This past Monday saw the passing of one of South Africa’s most legendary and important photographers. David Goldblatt died in Johannesburg on the 25th June. He was 87 years old.
Looking back at the work of this internationally acclaimed documentary photographer is an emotional experience, despite Goldblatt’s style being quite detached. The images simply record everyday life of South Africans between the years 1948 to 2018, but it is the context that often make these photographs so interesting, and in many cases disturbing: an image of a seemingly happy Indian shopkeeper, posing with his daughter, takes on a whole new meaning when you realise that not long after the photograph was taken, the trading store was destroyed in terms of the Group Areas Act.
In a recently published article, journalist Sean O’Hagan describes Goldblatt’s work:
His detached but democratic eye allowing the viewer the space to see beyond the frame and sense the grotesque – but normalised – society that defined his subjects to such a degree.
The son of Lithuanian-Jewish immigrants, something that surely effected the way he viewed South Africa, Goldblatt grew up in the small mining town of Randfontein, Johannesburg. The miners were Goldblatt’s first subjects, when he started taking photographs at the age of eighteen, using a camera bought for him by his parents.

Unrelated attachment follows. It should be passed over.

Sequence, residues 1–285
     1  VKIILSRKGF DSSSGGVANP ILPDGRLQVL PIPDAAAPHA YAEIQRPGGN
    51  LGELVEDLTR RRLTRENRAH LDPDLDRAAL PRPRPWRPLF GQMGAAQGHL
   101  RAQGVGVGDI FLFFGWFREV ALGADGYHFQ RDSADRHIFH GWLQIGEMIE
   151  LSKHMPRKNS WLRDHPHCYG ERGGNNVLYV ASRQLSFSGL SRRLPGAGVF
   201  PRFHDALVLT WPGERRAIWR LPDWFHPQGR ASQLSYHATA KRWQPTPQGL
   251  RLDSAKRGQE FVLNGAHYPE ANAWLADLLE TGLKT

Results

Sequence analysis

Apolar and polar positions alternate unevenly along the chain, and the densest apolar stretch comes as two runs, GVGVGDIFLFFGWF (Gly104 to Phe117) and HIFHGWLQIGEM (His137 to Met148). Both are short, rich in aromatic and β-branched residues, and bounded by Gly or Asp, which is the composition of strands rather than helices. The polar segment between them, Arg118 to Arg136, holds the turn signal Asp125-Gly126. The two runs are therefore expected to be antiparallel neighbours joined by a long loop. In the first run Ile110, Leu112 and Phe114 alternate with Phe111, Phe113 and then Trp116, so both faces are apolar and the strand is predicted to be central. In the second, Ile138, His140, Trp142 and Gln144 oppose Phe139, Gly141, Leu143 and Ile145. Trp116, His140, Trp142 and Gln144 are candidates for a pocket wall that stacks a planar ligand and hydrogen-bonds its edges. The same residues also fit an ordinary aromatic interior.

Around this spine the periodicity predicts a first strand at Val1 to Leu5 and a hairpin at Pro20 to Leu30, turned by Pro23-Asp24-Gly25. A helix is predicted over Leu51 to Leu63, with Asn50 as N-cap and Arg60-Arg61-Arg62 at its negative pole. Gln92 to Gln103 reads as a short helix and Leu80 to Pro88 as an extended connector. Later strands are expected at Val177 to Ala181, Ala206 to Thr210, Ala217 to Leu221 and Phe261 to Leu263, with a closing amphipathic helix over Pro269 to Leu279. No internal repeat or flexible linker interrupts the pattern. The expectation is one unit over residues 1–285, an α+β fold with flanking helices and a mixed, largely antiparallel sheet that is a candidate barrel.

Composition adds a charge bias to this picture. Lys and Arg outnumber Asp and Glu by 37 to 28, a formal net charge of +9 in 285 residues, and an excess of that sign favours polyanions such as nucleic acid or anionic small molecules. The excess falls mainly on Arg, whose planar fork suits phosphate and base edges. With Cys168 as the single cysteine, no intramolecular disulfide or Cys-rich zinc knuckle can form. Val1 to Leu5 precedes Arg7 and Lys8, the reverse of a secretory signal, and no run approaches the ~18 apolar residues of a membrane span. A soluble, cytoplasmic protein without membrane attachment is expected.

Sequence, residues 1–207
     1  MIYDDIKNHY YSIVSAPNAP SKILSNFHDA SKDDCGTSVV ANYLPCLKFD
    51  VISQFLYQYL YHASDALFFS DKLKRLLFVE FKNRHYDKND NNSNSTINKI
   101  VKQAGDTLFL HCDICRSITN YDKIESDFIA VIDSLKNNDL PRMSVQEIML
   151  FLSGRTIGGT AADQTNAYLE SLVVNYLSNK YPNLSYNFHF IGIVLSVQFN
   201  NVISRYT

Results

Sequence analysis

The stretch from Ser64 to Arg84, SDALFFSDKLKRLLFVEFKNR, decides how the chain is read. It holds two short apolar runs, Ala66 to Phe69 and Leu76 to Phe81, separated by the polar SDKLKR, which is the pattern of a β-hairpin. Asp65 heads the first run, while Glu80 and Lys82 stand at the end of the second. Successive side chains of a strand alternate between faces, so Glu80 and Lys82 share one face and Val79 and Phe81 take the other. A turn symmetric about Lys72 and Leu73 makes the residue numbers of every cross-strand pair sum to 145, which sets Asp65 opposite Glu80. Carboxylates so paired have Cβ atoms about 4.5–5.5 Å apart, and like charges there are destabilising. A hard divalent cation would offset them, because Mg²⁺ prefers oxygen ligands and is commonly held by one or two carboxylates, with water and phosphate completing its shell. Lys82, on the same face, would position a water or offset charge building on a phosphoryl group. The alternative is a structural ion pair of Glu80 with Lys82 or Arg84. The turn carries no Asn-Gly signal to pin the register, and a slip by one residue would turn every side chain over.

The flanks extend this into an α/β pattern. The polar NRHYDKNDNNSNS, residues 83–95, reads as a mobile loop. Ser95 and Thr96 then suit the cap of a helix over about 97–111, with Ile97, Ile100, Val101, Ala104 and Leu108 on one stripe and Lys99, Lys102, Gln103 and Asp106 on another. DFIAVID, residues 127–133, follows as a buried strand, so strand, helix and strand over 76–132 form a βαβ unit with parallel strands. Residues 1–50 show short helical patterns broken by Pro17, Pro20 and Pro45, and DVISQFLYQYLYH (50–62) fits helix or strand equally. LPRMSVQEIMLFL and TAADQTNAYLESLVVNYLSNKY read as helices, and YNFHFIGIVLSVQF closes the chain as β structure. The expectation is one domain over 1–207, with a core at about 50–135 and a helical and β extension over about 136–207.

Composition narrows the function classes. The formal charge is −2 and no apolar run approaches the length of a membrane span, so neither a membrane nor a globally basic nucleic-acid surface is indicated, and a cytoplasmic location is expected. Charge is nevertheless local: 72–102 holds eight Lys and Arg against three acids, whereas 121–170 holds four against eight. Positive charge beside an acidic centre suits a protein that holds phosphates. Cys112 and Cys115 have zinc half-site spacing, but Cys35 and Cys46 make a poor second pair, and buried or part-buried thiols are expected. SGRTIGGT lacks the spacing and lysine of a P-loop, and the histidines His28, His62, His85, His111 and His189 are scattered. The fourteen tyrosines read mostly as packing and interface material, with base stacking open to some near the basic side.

His big break as a photographer came in 1964 when he did a feature on Anglo-American for the avant-garde magazine, Tatler, which led to a long association with Anglo’s in-house magazine, Optima. Goldblatt’s association with Optima gave him access to the mining operations of Anglo, which allowed him in turn to complete his book On the Mines, which was published in 1973.
Goldblatt became part of the intellectual and artistic community of white Johannesburg, becoming friendly with many of Johannesburg’s leading white liberal literary and artistic figures. Speaking of his relationship with author, Nadine Gordimer, Goldblatt talked of her influence on his work being greater than any photographic predecessor.
Interestingly, despite his influence and the perceived slant of his work, Goldblatt steadfastly avoided any active political involvement, failing to photograph any of the turning points in South African history. Something which perhaps irked the ANC who in 1985 called for a boycott of his exhibition that was touring Britain. The ANC believed that Goldblatt had defied the cultural boycott, and weren’t happy about the work that he did with Anglo-American. Subsequently, the boycott was relaxed when people such as Omar Badsha and Nadine Gordimer called for the boycott against him to be lifted.
During those years colour seemed too sweet a medium to express the anger, disgust and fear that apartheid inspired.” David Goldblatt
But while Goldblatt wasn’t a ‘political’ photographer, his work still served to make for a very compelling argument against the system of white rule. As O’Hagan puts it:
He was, above all, a master of the extended series, each building on the last, until a portrait of an entire society, in all its contradictions, emerges.
David Goldblatt is survived by his wife, Lily, his three children, and two grandchildren.
Note: There are plans for the creation of a digital archive of David Goldblatt’s work, which will be made available to the public for free through the Photographic Legacy Project.